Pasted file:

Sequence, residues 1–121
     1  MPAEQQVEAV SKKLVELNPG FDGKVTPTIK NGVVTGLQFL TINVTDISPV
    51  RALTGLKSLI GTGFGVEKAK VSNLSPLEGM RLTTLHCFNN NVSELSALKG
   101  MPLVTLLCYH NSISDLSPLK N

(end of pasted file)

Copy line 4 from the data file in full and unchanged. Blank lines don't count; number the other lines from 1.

   101  MPLVTLLCYH NSISDLSPLK N